The thousands of people, 60,000 in all, whose messages of protest over Rupert Murdoch’s takeover of BSkyB were delivered to Ofcom this morning. Murdoch’s bid, if successful, will give him total control of the broadcaster, putting him on the fast track to more than half of Britain’s newspaper and television market share. Campaigners are worried this will mean less choice for the public and even greater political influence for the billionaire with significant corporate interests.
The campaign was organised by Avaaz and 38 Degrees, whose director David Babbs said: “Rupert Murdoch isn’t going to spend £7.8 billion without expecting to build his empire and expand control over the British media. Ofcom need to put the public interest first and stand up to this power grab that will harm our democracy.”
Regressive of the week:
Ed Vaizey, Minister for Culture, Communications and Creative Industries, who on Wednesday outlined proposals for a “two-speed” internet, which critics warn could harm free speech and stifle innovation. In essence, what Mr Vaizey proposes is an online ‘free market’, which, as Jon Worth explained on Left Foot Forward today, could result in text and images loading slower on some sites than others, and video streaming much, much slower. Tomorrow morning LFF will have more analysis on the net neutrality debate.
Evidence of the week:
Nicola Smith’s analysis for Left Foot Forward on Monday which revealed many people will be worse off under the Universal Credit. The calculations the government used for a graph claiming to show “many households will receive more under Universal Credit than under the current system” didn’t include childcare costs and did include all UK households – not just those who are claiming benefits or Tax Credits, distorting the graph.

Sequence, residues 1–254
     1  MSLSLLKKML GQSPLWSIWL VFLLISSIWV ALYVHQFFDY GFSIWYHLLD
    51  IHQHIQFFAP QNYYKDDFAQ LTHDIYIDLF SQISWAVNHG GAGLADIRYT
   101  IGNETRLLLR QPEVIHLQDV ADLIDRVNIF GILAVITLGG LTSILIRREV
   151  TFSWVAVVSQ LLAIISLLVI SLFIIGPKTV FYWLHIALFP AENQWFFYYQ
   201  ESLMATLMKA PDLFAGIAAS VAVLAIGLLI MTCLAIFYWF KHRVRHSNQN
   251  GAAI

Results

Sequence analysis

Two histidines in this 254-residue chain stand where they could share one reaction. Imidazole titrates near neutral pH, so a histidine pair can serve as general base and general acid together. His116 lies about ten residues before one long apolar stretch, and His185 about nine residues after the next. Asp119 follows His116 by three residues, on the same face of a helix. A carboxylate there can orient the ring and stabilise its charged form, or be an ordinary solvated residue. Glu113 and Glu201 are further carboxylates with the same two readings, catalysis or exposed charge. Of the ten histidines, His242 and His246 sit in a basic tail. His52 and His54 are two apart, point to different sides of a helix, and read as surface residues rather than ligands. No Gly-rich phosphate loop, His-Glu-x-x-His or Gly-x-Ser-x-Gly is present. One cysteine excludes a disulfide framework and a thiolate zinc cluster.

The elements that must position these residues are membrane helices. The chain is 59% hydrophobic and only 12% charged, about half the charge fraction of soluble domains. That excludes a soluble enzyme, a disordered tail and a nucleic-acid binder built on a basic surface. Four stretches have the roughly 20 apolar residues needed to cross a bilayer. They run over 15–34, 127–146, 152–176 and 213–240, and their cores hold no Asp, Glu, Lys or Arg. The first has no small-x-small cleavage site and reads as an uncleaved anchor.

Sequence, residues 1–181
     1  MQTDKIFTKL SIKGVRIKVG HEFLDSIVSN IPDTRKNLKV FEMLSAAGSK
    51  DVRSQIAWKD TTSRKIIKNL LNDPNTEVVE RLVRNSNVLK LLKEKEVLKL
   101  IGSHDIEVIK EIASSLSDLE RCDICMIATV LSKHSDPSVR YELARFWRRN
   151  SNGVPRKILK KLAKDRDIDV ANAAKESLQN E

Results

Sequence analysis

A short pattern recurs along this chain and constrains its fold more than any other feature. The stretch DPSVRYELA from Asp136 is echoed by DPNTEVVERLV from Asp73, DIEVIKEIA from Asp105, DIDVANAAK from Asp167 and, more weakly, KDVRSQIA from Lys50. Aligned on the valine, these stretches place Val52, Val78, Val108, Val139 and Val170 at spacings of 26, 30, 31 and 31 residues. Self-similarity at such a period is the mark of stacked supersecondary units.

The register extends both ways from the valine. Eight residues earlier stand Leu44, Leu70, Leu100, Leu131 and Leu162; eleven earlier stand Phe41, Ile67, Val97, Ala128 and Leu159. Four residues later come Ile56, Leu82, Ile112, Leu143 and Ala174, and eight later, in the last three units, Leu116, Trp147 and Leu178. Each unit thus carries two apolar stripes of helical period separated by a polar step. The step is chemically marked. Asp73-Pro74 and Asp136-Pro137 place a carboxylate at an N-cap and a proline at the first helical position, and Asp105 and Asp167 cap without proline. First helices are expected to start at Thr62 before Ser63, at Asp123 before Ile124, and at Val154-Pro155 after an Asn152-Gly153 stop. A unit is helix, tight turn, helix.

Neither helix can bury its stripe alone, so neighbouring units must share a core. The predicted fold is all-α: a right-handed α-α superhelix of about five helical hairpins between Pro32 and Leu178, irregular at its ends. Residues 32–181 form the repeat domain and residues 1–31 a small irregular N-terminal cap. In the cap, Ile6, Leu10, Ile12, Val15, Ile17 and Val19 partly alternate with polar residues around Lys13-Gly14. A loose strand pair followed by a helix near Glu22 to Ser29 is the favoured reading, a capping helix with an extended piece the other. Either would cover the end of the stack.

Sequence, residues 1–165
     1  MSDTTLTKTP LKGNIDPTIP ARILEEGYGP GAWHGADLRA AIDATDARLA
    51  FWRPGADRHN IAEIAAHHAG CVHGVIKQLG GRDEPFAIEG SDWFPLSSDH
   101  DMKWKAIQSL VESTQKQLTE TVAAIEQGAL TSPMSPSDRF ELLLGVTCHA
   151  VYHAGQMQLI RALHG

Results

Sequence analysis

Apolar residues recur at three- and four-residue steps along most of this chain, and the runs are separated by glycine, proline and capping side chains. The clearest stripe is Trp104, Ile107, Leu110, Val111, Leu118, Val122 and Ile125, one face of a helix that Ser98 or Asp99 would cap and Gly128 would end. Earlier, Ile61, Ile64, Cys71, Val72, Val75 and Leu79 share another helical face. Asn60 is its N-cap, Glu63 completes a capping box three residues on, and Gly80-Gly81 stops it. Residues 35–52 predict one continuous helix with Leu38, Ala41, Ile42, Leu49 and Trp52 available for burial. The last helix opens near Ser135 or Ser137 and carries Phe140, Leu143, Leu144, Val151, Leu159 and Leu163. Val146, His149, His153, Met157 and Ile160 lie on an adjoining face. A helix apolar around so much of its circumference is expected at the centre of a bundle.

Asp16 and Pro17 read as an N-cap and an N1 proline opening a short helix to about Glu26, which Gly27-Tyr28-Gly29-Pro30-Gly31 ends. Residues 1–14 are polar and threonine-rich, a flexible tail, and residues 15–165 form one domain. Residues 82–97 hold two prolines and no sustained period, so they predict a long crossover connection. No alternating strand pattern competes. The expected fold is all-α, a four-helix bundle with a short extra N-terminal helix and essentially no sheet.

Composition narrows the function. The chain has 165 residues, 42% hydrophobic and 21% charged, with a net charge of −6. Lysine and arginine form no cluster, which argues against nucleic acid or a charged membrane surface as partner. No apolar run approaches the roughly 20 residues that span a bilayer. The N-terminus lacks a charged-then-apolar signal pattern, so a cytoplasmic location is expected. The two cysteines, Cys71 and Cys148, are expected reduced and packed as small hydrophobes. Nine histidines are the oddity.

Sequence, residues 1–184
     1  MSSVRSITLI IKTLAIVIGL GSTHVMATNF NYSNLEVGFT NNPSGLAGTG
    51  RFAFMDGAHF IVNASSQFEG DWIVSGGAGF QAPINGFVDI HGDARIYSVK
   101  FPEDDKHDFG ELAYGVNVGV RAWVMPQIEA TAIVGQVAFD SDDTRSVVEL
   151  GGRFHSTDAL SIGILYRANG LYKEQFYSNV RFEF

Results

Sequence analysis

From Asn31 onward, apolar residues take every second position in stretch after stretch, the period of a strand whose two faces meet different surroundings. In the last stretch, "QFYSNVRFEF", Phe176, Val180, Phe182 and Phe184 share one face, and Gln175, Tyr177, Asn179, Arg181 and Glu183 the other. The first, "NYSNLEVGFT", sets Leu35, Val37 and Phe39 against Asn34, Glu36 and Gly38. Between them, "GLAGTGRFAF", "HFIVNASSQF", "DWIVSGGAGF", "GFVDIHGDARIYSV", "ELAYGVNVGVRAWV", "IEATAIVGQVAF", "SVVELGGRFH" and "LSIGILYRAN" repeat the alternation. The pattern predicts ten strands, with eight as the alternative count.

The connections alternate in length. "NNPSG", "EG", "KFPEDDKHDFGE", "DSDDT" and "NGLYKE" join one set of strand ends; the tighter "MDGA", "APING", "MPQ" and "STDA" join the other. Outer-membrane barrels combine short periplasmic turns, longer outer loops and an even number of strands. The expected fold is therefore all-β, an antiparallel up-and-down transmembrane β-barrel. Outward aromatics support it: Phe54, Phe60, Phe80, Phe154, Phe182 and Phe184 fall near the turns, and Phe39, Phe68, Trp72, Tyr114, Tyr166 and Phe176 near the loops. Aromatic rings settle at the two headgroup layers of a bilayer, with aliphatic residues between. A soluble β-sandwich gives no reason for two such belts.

As Nicola concluded: “Important questions remain unanswered about what the real impacts of Universal Credit will be, and exactly which benefits and Tax Credits are being included or excluded from its reach. A government committed to transparency should be willing to provide more details, and to be clearer about the impacts their changes will have for households across Britain.”
Ed Jacobs’s Week outside Westminster:
Scotland: The Scottish draft Budget was either, in John Swinney’s words, one “that protects jobs, economic recovery and frontline services”, or, according to his Labour shadow, Andy Kerr, puts “party before nation, self-interest before public interest and the finance secretary’s own job before those of the people he is supposed to serve”. New figures also revealed unemployment increased in Scotland between July and September.
Wales: The Labour/Plaid coalition announced a draft Budget that will see the NHS facing cuts over the next three years. “The draft budget is framed against the most difficult financial backdrop since the advent of devolution,” argued Budget minister Jane Hutt. Lib Dem leader Kirsty Williams somewhat unbelievably argued that the economic recovery was too fragile to take the cuts despite her party’s actions in Westminster. Meanwhile, Welsh secretary Cheryl Gillan was forced to cancel a lecture at Aberystwyth University following rumours online of protests by students over tuition fees.
Northern Ireland: Gerry Adams announced he would be quitting Stormont and Westminster to fight for a seat in the Dáil Éireann. Adams said of the decision: “Ireland is at a crossroads. This state is in the midst of a deep economic and social crisis. This Government is probably the most unpopular in the history of the state. It is now implementing bad, deeply damaging policies. It has no mandate whatsoever for this. There is a better way. Together we can rebuild Ireland.” The Belfast Telegraph dubbed it a “high-risk gamble” whilst DUP finance minister Sammy Wilson bluntly concluded: “I must say if the Republic are hoping for Gerry Adams to solve their problems, they have a very, very sad future ahead of them.”